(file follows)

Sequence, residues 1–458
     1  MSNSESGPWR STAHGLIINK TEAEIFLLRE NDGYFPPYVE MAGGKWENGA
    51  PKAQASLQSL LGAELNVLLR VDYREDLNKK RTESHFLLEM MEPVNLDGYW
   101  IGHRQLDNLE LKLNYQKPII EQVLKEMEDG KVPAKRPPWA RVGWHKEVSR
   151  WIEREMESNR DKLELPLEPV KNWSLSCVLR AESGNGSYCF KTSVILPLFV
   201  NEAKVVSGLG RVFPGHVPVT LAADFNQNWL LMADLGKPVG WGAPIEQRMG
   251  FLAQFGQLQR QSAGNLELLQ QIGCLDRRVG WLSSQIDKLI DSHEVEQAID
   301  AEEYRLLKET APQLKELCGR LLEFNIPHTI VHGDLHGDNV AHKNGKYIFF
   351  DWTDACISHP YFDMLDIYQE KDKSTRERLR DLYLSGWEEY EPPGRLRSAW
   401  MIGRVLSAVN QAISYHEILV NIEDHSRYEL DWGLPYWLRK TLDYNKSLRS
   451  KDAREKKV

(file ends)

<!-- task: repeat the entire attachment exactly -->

Sequence, residues 1–458
     1  MSNSESGPWR STAHGLIINK TEAEIFLLRE NDGYFPPYVE MAGGKWENGA
    51  PKAQASLQSL LGAELNVLLR VDYREDLNKK RTESHFLLEM MEPVNLDGYW
   101  IGHRQLDNLE LKLNYQKPII EQVLKEMEDG KVPAKRPPWA RVGWHKEVSR
   151  WIEREMESNR DKLELPLEPV KNWSLSCVLR AESGNGSYCF KTSVILPLFV
   201  NEAKVVSGLG RVFPGHVPVT LAADFNQNWL LMADLGKPVG WGAPIEQRMG
   251  FLAQFGQLQR QSAGNLELLQ QIGCLDRRVG WLSSQIDKLI DSHEVEQAID
   301  AEEYRLLKET APQLKELCGR LLEFNIPHTI VHGDLHGDNV AHKNGKYIFF
   351  DWTDACISHP YFDMLDIYQE KDKSTRERLR DLYLSGWEEY EPPGRLRSAW
   401  MIGRVLSAVN QAISYHEILV NIEDHSRYEL DWGLPYWLRK TLDYNKSLRS
   451  KDAREKKV